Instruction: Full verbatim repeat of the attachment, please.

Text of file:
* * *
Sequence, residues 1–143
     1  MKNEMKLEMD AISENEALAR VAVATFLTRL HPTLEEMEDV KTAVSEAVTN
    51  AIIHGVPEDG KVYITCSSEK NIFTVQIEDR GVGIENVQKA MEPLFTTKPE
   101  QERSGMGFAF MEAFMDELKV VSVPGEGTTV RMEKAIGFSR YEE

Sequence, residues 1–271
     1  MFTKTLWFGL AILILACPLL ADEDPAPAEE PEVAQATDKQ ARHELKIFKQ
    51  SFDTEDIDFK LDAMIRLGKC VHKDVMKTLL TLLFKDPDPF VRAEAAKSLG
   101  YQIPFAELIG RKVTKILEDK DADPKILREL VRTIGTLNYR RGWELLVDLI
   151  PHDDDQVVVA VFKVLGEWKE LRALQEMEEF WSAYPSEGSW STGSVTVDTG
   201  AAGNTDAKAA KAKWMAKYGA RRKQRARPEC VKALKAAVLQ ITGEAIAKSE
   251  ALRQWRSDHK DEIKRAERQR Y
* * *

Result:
Sequence, residues 1–143
     1  MKNEMKLEMD AISENEALAR VAVATFLTRL HPTLEEMEDV KTAVSEAVTN
    51  AIIHGVPEDG KVYITCSSEK NIFTVQIEDR GVGIENVQKA MEPLFTTKPE
   101  QERSGMGFAF MEAFMDELKV VSVPGEGTTV RMEKAIGFSR YEE

Sequence, residues 1–271
     1  MFTKTLWFGL AILILACPLL ADEDPAPAEE PEVAQATDKQ ARHELKIFKQ
    51  SFDTEDIDFK LDAMIRLGKC VHKDVMKTLL TLLFKDPDPF VRAEAAKSLG
   101  YQIPFAELIG RKVTKILEDK DADPKILREL VRTIGTLNYR RGWELLVDLI
   151  PHDDDQVVVA VFKVLGEWKE LRALQEMEEF WSAYPSEGSW STGSVTVDTG
   201  AAGNTDAKAA KAKWMAKYGA RRKQRARPEC VKALKAAVLQ ITGEAIAKSE
   251  ALRQWRSDHK DEIKRAERQR Y